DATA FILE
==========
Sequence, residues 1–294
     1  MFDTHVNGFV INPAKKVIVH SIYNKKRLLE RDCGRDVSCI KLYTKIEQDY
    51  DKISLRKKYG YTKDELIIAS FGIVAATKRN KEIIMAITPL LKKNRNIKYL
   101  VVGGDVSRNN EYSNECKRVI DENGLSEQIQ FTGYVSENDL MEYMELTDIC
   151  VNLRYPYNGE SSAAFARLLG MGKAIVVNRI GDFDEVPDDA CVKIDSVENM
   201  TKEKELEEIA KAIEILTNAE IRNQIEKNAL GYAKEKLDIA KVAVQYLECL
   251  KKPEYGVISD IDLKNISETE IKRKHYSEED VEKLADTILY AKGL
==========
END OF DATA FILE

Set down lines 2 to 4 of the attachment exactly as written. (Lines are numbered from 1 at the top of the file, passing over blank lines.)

     1  MFDTHVNGFV INPAKKVIVH SIYNKKRLLE RDCGRDVSCI KLYTKIEQDY
    51  DKISLRKKYG YTKDELIIAS FGIVAATKRN KEIIMAITPL LKKNRNIKYL
   101  VVGGDVSRNN EYSNECKRVI DENGLSEQIQ FTGYVSENDL MEYMELTDIC